Stress can trigger Tako Tsubo syndrome


Severe psychological stress can trigger Tako-Tsubo syndrome. The course of the disease can be so severe that some patients even die from the consequences.

Psychological stress and violent physical exertion can trigger serious heart diseases. In Germany alone, hundreds of people had already contracted the sometimes fatal “Tako Tsubo Syndrome”. Translated this disease is called "broken heart syndrome". Physicians also call the syndrome "stress cardiomyopathy". Older women in particular are affected by the still relatively unknown and rare syndrome.

Connections of the syndrome
For the first time, Japanese scientists investigated the exact context of the syndrome in 1991. The disease was named after a round clay pot with a narrow neck, which was formerly used to catch squid in East Asia. As the researchers found, as a result of the syndrome, the left ventricle can deform as well as a clay pot. The heart base expands like a balloon after every pumping action of the heart. Because the exit is constricted like a bottle neck, too little blood gets into the main artery. The electrocardiogram (EKG) then shows typical changes that occur during a heart attack, explains the cardiologist and cardiologist Dr. Birke Schneider from the Sana Clinic in Lübeck. However, unlike an infarction, the coronary arteries show no typical narrowing in a catheter examination.

Symptoms of heart disease.
Between 2006 and 2099, the "Tako-Tsubo syndrome" was diagnosed in 324 people in Germany. Since 2006 the working group of leading cardiological hospital doctors has collected cases of this type from a total of 37 hospitals. The first symptoms of the disease are typical of a heart attack. The patients complained of severe chest pain, shortness of breath and fear. Some patients pass out, others even have to be resuscitated. About 2.2 percent of those affected died as a result of the attack. Serious cardiac arrhythmia occurred in around 9 percent of the patients.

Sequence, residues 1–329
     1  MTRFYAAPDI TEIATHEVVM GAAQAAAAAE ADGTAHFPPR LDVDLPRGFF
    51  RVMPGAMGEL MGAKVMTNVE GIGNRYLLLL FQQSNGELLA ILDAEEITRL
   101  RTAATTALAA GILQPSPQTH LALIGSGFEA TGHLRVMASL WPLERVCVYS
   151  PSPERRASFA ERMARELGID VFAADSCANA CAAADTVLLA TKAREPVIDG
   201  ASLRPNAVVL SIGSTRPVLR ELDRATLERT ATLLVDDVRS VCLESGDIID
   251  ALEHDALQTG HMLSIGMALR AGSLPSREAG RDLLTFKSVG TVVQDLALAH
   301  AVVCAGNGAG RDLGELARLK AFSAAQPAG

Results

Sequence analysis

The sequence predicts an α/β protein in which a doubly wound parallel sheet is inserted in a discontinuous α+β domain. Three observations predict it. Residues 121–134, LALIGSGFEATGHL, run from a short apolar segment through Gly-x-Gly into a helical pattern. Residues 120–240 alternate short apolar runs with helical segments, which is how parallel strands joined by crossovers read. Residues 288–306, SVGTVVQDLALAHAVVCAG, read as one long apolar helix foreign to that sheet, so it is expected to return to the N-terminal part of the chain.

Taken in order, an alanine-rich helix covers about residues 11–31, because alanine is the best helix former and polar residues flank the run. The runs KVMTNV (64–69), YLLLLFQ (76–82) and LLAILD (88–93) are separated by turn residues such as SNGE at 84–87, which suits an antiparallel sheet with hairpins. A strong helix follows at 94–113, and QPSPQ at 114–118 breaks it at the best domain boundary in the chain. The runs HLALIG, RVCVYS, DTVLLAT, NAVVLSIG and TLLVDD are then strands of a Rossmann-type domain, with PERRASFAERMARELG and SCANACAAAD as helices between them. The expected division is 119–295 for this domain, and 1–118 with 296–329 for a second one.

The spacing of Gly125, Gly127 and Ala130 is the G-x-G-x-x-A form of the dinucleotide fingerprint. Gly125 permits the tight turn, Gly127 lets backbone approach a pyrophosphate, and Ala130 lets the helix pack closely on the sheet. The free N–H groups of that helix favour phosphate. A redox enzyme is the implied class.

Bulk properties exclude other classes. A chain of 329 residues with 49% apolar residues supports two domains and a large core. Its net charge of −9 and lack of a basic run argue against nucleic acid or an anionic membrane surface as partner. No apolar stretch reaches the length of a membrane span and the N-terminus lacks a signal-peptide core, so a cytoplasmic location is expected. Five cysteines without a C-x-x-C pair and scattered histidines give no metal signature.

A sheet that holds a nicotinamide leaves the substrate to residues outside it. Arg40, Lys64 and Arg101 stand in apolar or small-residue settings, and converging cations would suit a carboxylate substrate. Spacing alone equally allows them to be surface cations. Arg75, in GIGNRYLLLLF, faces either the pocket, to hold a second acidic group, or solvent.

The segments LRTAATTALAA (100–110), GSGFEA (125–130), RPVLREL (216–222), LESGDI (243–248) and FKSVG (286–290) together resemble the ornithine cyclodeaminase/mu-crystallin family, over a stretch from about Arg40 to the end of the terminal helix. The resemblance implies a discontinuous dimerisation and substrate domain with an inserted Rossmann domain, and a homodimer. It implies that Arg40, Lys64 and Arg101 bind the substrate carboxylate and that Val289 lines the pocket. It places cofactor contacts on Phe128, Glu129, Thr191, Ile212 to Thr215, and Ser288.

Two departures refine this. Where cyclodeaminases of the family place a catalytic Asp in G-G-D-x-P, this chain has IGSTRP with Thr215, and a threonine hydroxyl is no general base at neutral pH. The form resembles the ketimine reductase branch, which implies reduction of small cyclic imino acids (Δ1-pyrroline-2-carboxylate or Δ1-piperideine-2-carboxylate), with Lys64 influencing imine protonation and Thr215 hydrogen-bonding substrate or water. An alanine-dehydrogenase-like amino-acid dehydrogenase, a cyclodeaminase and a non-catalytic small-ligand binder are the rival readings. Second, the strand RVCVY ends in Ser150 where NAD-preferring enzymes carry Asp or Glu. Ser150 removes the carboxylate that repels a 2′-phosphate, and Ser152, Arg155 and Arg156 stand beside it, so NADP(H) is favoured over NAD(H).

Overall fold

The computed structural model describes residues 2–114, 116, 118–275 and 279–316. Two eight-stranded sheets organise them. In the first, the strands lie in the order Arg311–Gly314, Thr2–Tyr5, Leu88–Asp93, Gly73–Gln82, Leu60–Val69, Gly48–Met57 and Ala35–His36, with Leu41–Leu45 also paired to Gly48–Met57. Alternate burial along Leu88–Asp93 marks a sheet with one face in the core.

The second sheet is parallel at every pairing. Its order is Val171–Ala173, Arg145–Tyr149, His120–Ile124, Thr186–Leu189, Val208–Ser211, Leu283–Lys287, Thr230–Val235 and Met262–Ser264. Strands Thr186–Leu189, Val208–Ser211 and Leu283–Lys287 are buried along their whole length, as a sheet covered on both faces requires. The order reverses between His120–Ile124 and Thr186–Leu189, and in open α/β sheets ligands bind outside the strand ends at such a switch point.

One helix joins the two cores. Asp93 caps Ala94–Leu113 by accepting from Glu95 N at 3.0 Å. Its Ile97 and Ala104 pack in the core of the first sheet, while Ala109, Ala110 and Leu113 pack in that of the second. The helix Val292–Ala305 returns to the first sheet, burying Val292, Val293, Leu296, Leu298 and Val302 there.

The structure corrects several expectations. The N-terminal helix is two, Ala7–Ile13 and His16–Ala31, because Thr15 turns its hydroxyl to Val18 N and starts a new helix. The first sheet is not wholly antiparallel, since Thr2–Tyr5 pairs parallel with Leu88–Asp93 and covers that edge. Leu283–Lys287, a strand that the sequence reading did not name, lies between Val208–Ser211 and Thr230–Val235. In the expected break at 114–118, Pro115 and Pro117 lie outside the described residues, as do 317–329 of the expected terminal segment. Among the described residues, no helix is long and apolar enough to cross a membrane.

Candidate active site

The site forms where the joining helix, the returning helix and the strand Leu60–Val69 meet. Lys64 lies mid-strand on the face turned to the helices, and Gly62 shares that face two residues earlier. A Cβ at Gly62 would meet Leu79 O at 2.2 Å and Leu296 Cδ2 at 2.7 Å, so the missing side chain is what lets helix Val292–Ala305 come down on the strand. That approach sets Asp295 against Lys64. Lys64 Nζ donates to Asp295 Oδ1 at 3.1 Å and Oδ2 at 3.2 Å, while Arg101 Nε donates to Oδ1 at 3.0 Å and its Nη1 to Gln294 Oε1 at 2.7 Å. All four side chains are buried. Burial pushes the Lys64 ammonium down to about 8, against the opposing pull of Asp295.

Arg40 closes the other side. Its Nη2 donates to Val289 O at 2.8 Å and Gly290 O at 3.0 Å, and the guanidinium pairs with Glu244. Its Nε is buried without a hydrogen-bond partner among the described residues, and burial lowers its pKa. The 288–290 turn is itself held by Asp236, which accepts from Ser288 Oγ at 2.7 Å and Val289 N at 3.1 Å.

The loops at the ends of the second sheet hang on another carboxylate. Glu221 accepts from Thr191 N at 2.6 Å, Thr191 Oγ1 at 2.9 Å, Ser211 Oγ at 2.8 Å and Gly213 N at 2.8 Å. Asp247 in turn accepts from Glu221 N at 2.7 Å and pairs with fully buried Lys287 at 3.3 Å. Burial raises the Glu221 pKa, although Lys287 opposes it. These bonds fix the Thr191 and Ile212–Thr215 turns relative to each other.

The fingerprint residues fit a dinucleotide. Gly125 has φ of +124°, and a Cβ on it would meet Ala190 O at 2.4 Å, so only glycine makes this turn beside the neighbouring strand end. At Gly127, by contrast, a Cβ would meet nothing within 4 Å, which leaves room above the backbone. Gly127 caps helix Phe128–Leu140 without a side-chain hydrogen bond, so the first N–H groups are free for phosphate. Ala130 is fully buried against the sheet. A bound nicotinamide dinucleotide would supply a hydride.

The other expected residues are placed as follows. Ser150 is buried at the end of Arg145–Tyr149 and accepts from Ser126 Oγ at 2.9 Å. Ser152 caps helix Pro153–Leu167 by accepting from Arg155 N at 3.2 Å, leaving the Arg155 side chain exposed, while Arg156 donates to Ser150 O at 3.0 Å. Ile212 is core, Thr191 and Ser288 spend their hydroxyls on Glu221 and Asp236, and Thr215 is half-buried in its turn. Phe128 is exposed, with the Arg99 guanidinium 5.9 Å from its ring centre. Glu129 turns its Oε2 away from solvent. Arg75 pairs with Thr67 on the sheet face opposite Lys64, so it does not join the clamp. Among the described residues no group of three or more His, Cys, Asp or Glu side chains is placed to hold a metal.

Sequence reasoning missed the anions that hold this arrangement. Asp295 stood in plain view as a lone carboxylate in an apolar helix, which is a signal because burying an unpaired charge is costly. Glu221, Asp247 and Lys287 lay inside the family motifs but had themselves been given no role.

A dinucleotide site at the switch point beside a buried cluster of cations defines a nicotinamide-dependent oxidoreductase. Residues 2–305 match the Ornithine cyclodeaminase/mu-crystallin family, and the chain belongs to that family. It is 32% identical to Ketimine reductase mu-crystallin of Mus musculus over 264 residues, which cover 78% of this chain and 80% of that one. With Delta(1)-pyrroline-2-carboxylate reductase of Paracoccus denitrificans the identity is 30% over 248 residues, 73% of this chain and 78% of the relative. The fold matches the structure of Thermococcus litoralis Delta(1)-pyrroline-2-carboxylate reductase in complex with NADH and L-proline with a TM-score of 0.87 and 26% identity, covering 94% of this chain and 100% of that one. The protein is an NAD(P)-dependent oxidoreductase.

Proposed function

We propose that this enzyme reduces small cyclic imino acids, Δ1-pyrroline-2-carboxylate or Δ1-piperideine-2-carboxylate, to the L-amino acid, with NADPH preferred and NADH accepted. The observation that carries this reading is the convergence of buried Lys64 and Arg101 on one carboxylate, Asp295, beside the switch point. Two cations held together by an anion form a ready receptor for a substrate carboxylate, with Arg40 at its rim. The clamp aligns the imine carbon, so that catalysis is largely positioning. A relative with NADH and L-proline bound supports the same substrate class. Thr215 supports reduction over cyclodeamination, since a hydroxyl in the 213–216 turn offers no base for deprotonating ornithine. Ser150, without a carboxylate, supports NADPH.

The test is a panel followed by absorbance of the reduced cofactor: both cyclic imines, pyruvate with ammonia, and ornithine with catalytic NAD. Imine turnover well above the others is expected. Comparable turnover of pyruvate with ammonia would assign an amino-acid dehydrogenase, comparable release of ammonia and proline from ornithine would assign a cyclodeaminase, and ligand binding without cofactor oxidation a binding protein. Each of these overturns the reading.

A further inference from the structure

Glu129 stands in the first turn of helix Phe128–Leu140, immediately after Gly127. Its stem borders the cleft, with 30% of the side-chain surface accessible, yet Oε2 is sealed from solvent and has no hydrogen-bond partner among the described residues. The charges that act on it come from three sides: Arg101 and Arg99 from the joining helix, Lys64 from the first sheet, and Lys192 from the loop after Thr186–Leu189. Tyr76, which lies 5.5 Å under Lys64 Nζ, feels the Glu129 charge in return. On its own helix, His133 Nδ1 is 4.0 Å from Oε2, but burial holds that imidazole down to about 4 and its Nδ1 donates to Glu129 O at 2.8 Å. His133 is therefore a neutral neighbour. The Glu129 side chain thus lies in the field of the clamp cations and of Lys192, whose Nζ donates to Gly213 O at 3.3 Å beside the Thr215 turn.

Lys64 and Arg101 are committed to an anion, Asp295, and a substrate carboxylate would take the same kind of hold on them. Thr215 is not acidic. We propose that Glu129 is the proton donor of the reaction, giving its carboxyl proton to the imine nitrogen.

Older women are particularly affected.
Older women in particular seem to be particularly affected. About nine out of ten patients were women. The average age of the patients is 68 years of age. It was striking that in most cases a strong emotional or physical strain was the cause of the syndrome. Emotional stress, such as a violent argument or the death of a close person, was very often the main cause at 36 percent. Stressful situations such as accidents or medical interventions (operations) were just as common. In some patients, other symptoms, such as a previous asthma attack, were the cause of the heart attack. It also happened that joyful events, such as winning the lottery, were a trigger. Only 23 percent of those affected could not find an original reason.

Dr. Birke Schneider suspects in the specialist magazine "DMW Deutsche Medical Wochenschrift" that a lot of stress hormones are released from the adrenal gland in case of excessive physical or psychological stress. In particular, excessive levels of the body's own catecholamines such as adrenaline and norepinephrine were observed in the patients. For this reason, beta-blockers and stress avoidance are prescribed in the treatment. (sb, 10/16/2010)

Also read:
Heart attack is a typical male illness
Heart attack risk higher in East Germany

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Video: Takotsubo Cardiomyopathy


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